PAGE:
KEK, Ibaraki
  Results of modeling with the STRUCT and MARS15 codes of beam loss localization and related radiation effects are presented for the slipstacking injection to the Fermilab Main Injector. Simulations of proton beam loss are done using multi-turn tracking with realistic accelerator apertures, nonlinear fields in the accelerator magnets and time function of the RF manipulations to explain the results of beam loss measurements. The collimation system consists of one primary and four secondary collimators. It intercepts a beam power of 1.6 kW at a total scraping rate of 5%, with a beam loss rate in the ring outside the collimation region of 1 W/m or less. Based on thorough energy deposition and radiation modeling, a corresponding collimator design was developed that satisfies all the radiation and engineering constraints.  
THPMN089 Enhancement of Heat Removal using Concave Liquid Metal Targets for High-Power Accelerators 2915
  • I. Konkashbaev, P. F. Fisher, A. Hassanein
    ANL, Argonne, Illinois
  • N. V. Mokhov
    Fermilab, Batavia, Illinois
  The need is increasing for development of high power targets and beam dump areas for the production of intense beams of secondary particles (IFMIF, SNS, RIA, LHC). The severe constraints arising from a MW beam power deposited on targets and absorbers, call for non-trivial procedures to dilute the beam. This study describes the development of targets and absorbers and the advantages of using flowing liquid metal in concave channels first proposed by IFMIF to raise the liquid metal boiling point by increasing the pressure in liquid supported by a centrifugal force. Such flow with a back-wall is subject to the Taylor-Couette instability. The instability can play a positive role of increasing the heat transfer from the hottest region in the target/absorber to the back-wall cooled by water. At the laminar stage of the instability with a certain wave number of vortexes, the heat transfer from a chain of vortexes to the wall increases heat removal by enhancing the convective transport inside the liquid bulk and from the bulk to the wall. Results of theoretical analysis and numerical modeling of both targets and dump areas for the IFMIF, ILC, and RIA facilities are presented.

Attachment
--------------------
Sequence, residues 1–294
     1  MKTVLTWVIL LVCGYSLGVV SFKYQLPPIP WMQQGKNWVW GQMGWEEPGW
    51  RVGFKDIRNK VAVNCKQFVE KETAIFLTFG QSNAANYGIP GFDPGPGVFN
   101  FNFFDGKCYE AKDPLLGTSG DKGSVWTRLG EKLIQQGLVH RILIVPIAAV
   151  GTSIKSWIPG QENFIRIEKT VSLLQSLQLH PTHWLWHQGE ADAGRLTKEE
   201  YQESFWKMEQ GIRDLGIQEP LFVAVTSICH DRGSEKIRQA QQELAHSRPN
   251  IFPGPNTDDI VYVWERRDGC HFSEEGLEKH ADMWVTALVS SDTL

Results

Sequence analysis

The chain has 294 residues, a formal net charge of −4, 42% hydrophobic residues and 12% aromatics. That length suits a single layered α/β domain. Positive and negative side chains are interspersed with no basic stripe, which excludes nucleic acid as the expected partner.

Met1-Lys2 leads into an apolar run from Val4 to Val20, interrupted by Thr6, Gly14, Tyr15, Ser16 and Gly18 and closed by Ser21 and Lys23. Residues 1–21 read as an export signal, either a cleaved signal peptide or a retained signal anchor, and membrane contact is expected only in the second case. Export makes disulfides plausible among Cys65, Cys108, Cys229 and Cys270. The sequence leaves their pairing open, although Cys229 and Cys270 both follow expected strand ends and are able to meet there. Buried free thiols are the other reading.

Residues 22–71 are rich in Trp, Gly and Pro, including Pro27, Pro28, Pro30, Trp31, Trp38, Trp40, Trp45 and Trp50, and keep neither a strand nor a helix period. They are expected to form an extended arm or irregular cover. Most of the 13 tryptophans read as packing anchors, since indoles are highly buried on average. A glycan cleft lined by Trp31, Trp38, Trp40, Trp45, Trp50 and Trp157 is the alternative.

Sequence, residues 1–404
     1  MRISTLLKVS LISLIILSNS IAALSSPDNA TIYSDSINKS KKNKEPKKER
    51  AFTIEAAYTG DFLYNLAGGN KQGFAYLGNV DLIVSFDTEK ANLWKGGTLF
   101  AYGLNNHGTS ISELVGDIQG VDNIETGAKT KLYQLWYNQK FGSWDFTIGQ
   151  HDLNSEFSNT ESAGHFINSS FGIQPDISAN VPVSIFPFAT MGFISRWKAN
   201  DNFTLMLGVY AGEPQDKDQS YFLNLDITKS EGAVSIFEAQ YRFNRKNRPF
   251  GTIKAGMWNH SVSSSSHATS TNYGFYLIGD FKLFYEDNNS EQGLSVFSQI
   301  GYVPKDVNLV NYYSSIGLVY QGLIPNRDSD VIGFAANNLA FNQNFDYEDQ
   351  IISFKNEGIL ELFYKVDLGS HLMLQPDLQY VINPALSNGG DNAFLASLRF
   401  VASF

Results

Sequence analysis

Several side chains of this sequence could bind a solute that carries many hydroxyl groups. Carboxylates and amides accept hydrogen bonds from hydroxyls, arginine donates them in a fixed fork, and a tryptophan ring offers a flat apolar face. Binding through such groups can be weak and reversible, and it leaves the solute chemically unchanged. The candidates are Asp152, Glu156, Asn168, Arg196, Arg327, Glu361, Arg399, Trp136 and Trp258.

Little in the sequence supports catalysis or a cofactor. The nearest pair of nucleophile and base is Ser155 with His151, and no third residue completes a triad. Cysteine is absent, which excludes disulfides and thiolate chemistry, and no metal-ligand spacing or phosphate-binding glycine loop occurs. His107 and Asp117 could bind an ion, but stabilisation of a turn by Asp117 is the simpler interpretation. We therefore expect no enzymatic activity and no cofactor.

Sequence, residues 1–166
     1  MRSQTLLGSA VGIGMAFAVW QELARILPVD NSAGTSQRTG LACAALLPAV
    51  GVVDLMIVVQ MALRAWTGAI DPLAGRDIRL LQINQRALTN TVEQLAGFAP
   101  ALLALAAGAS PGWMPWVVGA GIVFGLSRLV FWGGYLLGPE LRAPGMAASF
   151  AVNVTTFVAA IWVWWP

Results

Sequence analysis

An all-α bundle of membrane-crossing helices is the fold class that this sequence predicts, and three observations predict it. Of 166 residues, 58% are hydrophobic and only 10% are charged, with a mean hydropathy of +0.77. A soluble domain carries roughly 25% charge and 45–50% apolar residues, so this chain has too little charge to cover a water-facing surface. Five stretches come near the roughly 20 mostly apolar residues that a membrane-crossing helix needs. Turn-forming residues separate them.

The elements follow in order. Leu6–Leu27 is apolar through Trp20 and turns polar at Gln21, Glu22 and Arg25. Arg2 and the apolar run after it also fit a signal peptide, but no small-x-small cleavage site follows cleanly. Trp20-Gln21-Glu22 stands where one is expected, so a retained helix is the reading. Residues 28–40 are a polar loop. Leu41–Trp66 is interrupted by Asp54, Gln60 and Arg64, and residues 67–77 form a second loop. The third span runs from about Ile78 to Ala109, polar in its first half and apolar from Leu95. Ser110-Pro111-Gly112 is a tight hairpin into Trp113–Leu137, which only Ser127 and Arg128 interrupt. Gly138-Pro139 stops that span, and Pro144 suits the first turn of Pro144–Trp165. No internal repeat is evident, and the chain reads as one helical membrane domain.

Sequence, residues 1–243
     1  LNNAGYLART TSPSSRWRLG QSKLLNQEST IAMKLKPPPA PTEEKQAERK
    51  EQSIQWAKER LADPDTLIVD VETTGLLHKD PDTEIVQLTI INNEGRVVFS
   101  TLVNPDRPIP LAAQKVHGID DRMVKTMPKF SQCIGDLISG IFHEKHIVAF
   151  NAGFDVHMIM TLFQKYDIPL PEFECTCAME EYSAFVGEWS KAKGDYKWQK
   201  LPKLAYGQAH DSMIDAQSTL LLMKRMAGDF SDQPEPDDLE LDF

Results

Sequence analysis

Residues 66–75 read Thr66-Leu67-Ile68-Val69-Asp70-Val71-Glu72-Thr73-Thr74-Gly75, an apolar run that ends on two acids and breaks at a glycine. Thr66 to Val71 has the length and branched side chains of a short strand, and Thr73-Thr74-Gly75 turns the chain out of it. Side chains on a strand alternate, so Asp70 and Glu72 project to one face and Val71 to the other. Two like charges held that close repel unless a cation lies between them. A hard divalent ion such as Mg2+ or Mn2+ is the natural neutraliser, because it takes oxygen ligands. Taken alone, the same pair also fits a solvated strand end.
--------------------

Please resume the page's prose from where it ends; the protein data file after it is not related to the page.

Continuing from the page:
THPMN098 Modeling and Design of the ILC Test Area Beam Absorbers at Fermilab 2939
  • M. Church, A. Z. Chen, N. V. Mokhov, S. Nagaitsev, N. Nakao
    Fermilab, Batavia, Illinois
  Detailed MARS15 simulations have been performed on energy deposition and shielding of the proposed ILC Test Area absorbers to deal with up to 50 kW of 800 MeV electron beam power and provide unlimited occupancy conditions in the hall. ANSYS analysis based on the calculated energy deposition maps confirms robustness of the proposed design of the absorbers and beam windows for normal operation and for various failure modes. A non-trivial shielding solution was found for the entire region housing the main and single-bunch absorbers.